Corey Lewandowski, the outspoken Republican operative who served asDonald Trump‘s former campaign manager, is appearing before Congress as part of the House Judiciary Committee’s first official hearing in a Democratic-led impeachment investigation.
Mr Lewandowski, a 45 – year-old political commentator currently mulling a bid for Senate in his home state of New Hampshire, was unlikely to provide Democrats with much new information as they decide whether to draft articles of impeachment against the president, however. Two other witnesses who were subpoenaed alongside Mr Lewandowski – former White House aidesRick DearbornandRob Porter– were not expected to show up at all after the White House ordered them to decline the request.
In his opening statements, Mr Lewandowski claimed the country “spent over three years and $ 40 M (£ 32 m) taxpayer dollars on these investigations. “
We’ll tell you what’s true. You can form your own view.
From (p) € 0. 18 $ 0. 18 USD 0. 27 a day, more exclusives, analysis and extras.
“It is now clear the investigation was populated by many Trump haters,” he added. He described Mr Trump’s campaign as “one of the greatest political revolutions” in American history, calling it “a historical and unprecedented political juggernaut.”
Prior to the Tuesday hearing, Mr Lewandowskitweeted: “Excited about the opportunity to remind the American people today there was no collusion no obstruction. ”
The preceding tweet and opening remarks echoed Mr Trump’s analysis of Special CounselRobert Mueller‘s report on Russian interference in the 2016 election. The special counsel found that there was not enough evidence to establish a conspiracy between the Trump campaign and Russia, and he also found that Mr Trump could not be exonerated on obstruction of justice.
Attorney General William Barr later made his own decision on obstruction, saying there was insufficient evidence.
A close friend and supporter of the Republican president, Mr Lewandowski is likely to fiercely defend the president – and he isn’t expected to elaborate much beyond what he told Mr Mueller’s investigators last year.
He was a central figure in Mr Mueller’s report, as investigators detailed two episodes in which the president asked Mr Lewandowski to direct then-Attorney GeneralJeff Sessionsto limit the special counsel investigation. Mr Trump said that if the attorney general would not meet with Mr Lewandowski, then Mr Lewandowski should tell him he was fired.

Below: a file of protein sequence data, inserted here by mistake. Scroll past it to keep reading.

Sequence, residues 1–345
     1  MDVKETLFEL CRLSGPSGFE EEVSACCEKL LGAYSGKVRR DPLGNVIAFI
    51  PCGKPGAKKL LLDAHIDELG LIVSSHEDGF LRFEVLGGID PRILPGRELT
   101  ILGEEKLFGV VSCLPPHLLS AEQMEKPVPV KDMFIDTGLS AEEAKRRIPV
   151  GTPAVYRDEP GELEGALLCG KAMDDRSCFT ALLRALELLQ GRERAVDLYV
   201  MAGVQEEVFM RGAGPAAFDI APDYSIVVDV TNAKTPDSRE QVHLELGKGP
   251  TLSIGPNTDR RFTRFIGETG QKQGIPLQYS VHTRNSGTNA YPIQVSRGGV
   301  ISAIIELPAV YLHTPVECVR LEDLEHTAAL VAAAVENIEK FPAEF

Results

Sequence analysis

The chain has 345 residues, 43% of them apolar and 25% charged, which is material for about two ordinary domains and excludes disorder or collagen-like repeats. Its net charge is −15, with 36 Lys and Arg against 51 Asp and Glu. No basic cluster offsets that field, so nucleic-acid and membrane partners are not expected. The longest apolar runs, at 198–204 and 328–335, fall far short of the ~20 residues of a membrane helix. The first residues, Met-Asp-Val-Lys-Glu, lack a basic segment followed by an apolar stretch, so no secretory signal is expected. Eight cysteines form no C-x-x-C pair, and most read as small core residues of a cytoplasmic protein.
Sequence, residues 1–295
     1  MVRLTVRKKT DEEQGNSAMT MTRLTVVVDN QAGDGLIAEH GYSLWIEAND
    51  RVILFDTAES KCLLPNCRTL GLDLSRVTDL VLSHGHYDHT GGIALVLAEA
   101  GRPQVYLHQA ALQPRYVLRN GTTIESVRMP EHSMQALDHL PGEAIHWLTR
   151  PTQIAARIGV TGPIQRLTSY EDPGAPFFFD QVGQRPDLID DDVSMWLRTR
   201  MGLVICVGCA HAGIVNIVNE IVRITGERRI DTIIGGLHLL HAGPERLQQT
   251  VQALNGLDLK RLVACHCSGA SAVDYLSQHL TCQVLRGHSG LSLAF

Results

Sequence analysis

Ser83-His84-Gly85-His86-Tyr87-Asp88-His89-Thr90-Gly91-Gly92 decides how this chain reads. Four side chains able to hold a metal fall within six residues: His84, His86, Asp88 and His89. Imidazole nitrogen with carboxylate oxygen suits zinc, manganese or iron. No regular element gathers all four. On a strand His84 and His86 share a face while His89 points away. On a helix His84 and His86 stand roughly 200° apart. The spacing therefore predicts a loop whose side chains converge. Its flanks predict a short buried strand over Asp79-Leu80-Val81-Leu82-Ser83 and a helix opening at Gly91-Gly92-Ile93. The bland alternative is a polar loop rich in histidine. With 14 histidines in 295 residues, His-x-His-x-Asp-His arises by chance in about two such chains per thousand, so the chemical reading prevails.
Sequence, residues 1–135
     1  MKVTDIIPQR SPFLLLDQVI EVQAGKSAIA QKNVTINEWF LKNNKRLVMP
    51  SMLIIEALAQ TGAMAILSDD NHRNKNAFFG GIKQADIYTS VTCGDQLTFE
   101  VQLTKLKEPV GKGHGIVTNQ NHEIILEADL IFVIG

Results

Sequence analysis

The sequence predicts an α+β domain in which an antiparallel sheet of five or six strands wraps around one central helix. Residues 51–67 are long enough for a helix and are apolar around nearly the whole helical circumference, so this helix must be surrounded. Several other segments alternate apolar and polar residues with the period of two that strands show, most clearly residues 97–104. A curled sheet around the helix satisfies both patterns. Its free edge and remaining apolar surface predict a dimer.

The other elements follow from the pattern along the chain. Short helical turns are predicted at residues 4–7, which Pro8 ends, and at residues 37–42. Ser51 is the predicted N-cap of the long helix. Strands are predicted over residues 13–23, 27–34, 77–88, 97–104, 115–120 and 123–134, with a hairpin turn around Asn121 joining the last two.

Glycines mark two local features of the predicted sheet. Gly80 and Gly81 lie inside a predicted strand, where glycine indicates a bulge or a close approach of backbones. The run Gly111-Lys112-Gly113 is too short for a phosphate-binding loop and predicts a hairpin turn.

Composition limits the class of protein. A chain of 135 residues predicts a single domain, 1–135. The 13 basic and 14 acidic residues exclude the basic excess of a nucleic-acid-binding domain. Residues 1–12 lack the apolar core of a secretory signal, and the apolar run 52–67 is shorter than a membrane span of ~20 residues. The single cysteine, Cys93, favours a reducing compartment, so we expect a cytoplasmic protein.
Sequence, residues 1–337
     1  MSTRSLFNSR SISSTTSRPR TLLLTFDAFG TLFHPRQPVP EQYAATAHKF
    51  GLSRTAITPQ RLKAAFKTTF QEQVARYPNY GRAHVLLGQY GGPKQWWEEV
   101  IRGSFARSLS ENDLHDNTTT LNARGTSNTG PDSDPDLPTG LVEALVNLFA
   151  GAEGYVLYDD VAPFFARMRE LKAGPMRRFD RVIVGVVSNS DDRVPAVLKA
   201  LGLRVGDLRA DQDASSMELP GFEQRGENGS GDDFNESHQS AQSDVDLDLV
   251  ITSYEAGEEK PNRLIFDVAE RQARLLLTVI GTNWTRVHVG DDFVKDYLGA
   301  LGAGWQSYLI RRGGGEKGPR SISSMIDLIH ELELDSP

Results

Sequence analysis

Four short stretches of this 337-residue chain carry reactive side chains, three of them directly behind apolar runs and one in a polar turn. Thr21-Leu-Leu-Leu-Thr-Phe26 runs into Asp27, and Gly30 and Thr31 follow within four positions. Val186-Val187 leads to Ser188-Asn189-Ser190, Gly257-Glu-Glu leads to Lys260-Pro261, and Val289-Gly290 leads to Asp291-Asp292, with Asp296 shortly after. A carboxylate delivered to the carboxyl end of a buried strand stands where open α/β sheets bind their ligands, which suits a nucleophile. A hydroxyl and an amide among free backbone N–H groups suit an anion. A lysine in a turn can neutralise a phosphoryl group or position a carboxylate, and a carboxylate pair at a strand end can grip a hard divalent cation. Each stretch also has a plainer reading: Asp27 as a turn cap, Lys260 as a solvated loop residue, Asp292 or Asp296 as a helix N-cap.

Mr Lewandowski never delivered the message but asked Mr Dearborn, a former aide of the ex-attorney general, to do it. Mr Dearborn said he was uncomfortable with the request and declined to deliver it, according to the report.
Still, the Judiciary panel is moving ahead, approving rules for impeachment hearings last week. Among those guidelines is allowing staff to question witnesses, as will happen for the first time with Mr Lewandowski.
In letters to the committee on Monday, the White House said that Mr Dearborn and Mr Porter were “absolutely immune” from testifying.
White House counsel Pat Cipollone wrote that the Justice Department had advised, and Mr Trump had directed, them not to attend “because of the constitutional immunity that protects senior advisers to the president from compelled congressional testimony.”
In a separate letter, Mr Cipollone said that Mr Lewandowski, who never worked in the White House, should not reveal private conversations with the president beyond what is in the report. He wrote that his conversations with Mr Trump “are protected from disclosure by long-settled principles protecting executive branch confidentiality interests.”
In his own prepared remarks, Mr Nadler called out the White House for over its efforts to curtail the committee’s first impeachment investigation hearing.
“I think we should call this what it is, an absolute cover-up by the White House,” he said.
Mr Lewandowski then refused to answer questions about meetings he had with the president, saying he wanted to respect the White House’s requests to avoid discussing information not included in the report.
Democrat Sheila Jackson asked him about specific portions of the Mueller report, posting the content she referred to on a large display screen for him to read, and yet he still refused to answer her questions.
Additional reporting by AP